At the other end of the digital print spectrum, however, are the true workhorses of the industry, the speed machines of the continuous-feed sector whose job it is to churn out millions of bills and statements every year (usually in a single colour – black) while their more up-market colleagues busy themselves with fancy brochures and glossy catalogues in every conceivable hue and shade. Colour in this transactional market has always been regarded as an unnecessary frivolity – too slow, too expensive and lacking any real purpose. Besides, many of the practitioners in this field weren’t really graphics people anyway – they were data managers, systems designers, number crunchers who wouldn’t know a pantone from a pantyhose.

Now, however, all this is set to change as the continuous-feed workaholics start to dip their toes in the colour market and, in the process, promise to make digital colour faster, more personalised and available on a far larger scale than anything seen previously. The magical word here is ‘transpromo’, the combination of essential business communications (bills and statements) with targeted marketing messages in full colour to create a new form of personalised direct mail to counter the inexorable exodus of printed billing to the online world. Although transpromo, as a concept, has yet to prove its value or real worth in the market, many are banking on it becoming a profitable reality and, like rumours of a newly-discovered goldfield, the race is on to be the first to stake a claim to its potential riches.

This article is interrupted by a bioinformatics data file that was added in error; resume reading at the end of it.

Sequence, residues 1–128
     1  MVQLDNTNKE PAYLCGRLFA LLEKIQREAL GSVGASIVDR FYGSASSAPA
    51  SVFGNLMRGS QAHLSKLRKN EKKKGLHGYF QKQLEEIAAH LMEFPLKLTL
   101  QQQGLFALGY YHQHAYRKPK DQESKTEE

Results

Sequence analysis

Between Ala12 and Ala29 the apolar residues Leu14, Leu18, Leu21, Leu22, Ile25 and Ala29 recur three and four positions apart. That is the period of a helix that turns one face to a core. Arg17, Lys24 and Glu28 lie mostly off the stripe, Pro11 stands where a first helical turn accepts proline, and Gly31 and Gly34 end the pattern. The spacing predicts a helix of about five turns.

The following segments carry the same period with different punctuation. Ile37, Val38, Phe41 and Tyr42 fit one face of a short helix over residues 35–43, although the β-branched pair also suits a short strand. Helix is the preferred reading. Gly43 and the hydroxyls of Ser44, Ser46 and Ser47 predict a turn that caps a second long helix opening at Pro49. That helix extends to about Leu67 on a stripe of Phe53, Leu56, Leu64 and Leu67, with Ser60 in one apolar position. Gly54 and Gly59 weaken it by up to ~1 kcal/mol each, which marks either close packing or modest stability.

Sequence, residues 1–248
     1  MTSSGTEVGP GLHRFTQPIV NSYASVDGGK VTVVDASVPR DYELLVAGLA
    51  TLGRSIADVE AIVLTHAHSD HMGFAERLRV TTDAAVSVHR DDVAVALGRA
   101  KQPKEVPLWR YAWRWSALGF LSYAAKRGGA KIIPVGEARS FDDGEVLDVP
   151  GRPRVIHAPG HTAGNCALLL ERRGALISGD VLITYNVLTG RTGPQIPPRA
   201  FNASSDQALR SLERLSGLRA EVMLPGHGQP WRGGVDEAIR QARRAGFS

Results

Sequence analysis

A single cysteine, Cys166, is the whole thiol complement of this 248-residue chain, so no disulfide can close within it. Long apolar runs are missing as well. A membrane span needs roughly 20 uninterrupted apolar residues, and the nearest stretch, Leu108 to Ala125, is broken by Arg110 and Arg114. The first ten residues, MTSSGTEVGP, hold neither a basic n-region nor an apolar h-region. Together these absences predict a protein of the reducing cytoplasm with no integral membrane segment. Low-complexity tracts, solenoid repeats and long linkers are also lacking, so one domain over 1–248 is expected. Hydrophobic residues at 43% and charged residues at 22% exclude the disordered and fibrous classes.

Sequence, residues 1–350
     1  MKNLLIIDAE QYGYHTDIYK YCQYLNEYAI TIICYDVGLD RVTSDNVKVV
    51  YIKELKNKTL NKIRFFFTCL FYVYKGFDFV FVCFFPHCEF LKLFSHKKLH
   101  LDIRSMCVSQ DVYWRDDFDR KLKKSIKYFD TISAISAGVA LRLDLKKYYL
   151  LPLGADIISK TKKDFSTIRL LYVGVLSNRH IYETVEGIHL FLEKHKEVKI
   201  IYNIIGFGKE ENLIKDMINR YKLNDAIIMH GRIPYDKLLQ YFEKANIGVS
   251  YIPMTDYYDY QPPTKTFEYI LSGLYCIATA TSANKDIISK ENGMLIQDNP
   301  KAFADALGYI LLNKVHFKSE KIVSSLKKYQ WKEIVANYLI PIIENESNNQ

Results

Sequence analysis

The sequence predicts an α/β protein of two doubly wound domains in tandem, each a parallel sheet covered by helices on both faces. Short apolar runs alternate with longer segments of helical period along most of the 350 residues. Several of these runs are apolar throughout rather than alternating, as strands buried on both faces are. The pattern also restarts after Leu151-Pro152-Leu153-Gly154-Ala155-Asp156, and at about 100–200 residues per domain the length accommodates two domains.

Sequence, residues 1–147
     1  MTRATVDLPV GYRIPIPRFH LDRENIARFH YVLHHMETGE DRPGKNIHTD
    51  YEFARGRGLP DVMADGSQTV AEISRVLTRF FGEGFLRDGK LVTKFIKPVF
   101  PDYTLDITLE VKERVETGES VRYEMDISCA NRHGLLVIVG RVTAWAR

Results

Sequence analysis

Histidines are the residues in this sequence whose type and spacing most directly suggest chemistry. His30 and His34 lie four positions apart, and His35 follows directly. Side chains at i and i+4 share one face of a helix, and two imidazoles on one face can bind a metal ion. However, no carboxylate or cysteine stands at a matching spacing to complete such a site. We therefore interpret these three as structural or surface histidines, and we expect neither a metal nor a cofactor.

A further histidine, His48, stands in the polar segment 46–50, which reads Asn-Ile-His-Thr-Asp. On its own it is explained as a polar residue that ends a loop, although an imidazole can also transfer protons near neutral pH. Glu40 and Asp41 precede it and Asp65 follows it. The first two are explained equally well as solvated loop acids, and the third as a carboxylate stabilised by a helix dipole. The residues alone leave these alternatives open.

Already in Australia, we have seen the installation of Fuji Xerox’s DocuColor 980 toner-based systems at Salmat in Melbourne and Sydney, capable of printing in full colour at speeds of up to 900 A4 pages per minute. Kodak also has the Versamark VX5000 inkjet models capable of printing over 2,000 A4 pages per minute, and will be previewing new inkjet technology at drupa.

Keen to preserve its ownership of a market in which it is regarded as the monochrome king, European-based digital print specialists, Océ, also entered the fray just before Christmas when, in a series of product launches at its German manufacturing facility, it outlined its own approach to the digital colour sector.

Best kept secret